Above, the more specific rules have less priority since we want them to be the last to set routingGroup. This is a little counterintuitive. To further control the execution of rules, for example to have only one rule fire, we can use composite rules.

Composite Rules

First, please refer to easy-rule composite rules docs: https://github.com/j-easy/easy-rules/wiki/defining-rules#composite-rules

Above, we saw how to control the order of rule execution using priorities. In addition to this, we could have only the first rule matched to be fired (the highest priority one) and the rest ignored. We can use ActivationRuleGroup to achieve this.

---
name: "airflow rule group"
description: "routing rules for query from airflow"
compositeRuleType: "ActivationRuleGroup"
composingRules:
  - name: "airflow special"
    description: "if query from airflow with special label, route to etl-special group"
    priority: 0
    condition: "request.getHeader(\"X-Trino-Source\") == \"airflow\" && request.getHeader(\"X-Trino-Client-Tags\") contains \"label=special\""
    actions:
      - "result.put(\"routingGroup\", \"etl-special\")"
  - name: "airflow"
    description: "if query from airflow, route to etl group"
    priority: 1
    condition: "request.getHeader(\"X-Trino-Source\") == \"airflow\""
    actions:
      - "result.put(\"routingGroup\", \"etl\")"

Note that the priorities have switched. The more specific rule has a higher priority, since we want it to be fired first. A query coming from airflow with special label is matched to the "airflow special" rule first, since it's higher priority, and the second rule is ignored. A query coming from airflow with no labels does not match the first rule, and is then tested and matched to the second rule.

We can also use ConditionalRuleGroup and ActivationRuleGroup to implement an if/else workflow. The following logic in pseudocode:

if source == "airflow":
  if clientTags["label"] == "foo":
    return "etl-foo"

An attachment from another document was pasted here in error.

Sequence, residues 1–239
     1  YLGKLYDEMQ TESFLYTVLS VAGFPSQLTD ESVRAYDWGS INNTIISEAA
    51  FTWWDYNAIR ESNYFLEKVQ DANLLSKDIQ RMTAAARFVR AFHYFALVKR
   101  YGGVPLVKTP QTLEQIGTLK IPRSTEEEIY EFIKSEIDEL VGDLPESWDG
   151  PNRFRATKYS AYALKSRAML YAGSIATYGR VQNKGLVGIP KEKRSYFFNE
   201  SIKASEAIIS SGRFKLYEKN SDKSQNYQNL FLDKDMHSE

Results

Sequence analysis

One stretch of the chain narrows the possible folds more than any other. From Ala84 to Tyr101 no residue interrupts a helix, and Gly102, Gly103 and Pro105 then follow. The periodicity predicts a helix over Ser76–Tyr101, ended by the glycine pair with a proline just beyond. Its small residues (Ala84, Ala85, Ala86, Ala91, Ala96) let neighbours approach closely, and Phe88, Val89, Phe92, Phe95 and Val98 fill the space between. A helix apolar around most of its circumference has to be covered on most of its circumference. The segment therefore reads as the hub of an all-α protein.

else if clientTags["label"] = "bar":
    return "etl-bar"
  else
    return "etl"

Can be implemented with these rules:

name: "airflow rule group"
description: "routing rules for query from airflow"
compositeRuleType: "ConditionalRuleGroup"
composingRules:
  - name: "main condition"
    description: "source is airflow"
    priority: 0 # rule with the highest priority acts as main condition
    condition: "request.getHeader(\"X-Trino-Source\") == \"airflow\""
    actions:
      - ""
  - name: "airflow subrules"
    compositeRuleType: "ActivationRuleGroup" # use ActivationRuleGroup to simulate if/else
    composingRules:
      - name: "label foo"
        description: "label client tag is foo"
        priority: 0
        condition: "request.getHeader(\"X-Trino-Client-Tags\") contains \"label=foo\""
        actions:
          - "result.put(\"routingGroup\", \"etl-foo\")"
      - name: "label bar"
        description: "label client tag is bar"
        priority: 0
        condition: "request.getHeader(\"X-Trino-Client-Tags\") contains \"label=bar\""
        actions:
          - "result.put(\"routingGroup\", \"etl-bar\")"
      - name: "airflow default"
        description: "airflow queries default to etl"
        condition: "true"
        actions:
          - "result.put(\"routingGroup\", \"etl\")"
If statements (MVEL Flow Control)

Above, we saw how we can use ConditionalRuleGroup and ActivationRuleGroup to implement and if/else workflow. We could also take advantage of the fact that MVEL supports if statements and other flow control (loops, etc). The following logic in pseudocode:

if source == "airflow":
  if clientTags["label"] == "foo":
    return "etl-foo"
  else if clientTags["label"] = "bar":
    return "etl-bar"
  else
    return "etl"

Can be implemented with these rules:

---
name: "airflow rules"
description: "if query from airflow"
condition: "request.getHeader(\"X-Trino-Source\") == \"airflow\""
actions:
  - "if (request.getHeader(\"X-Trino-Client-Tags\") contains \"label=foo\") {
      result.put(\"routingGroup\", \"etl-foo\")
    }
    else "if (request.getHeader(\"X-Trino-Client-Tags\") contains \"label=bar\") {
      result.put(\"routingGroup\", \"etl-bar\")
    }
    else {
      result.put(\"routingGroup\", \"etl\")
    }"

Enabling routing rules engine

To enable routing rules engine, find the following lines in gateway-ha-config.yml. Set rulesEngineEnabled to True and rulesConfigPath to the path to your rules config file.

routingRules:
  rulesEngineEnabled: true
  rulesConfigPath: "src/test/resources/rules/routing_rules.yml" # replace with path to your rules config file

Contributing

Want to help build Presto Gateway? Check out our contributing documentation

References

Scaling Presto Infra with gateway at Lyft

Presto-gateway at Pinterest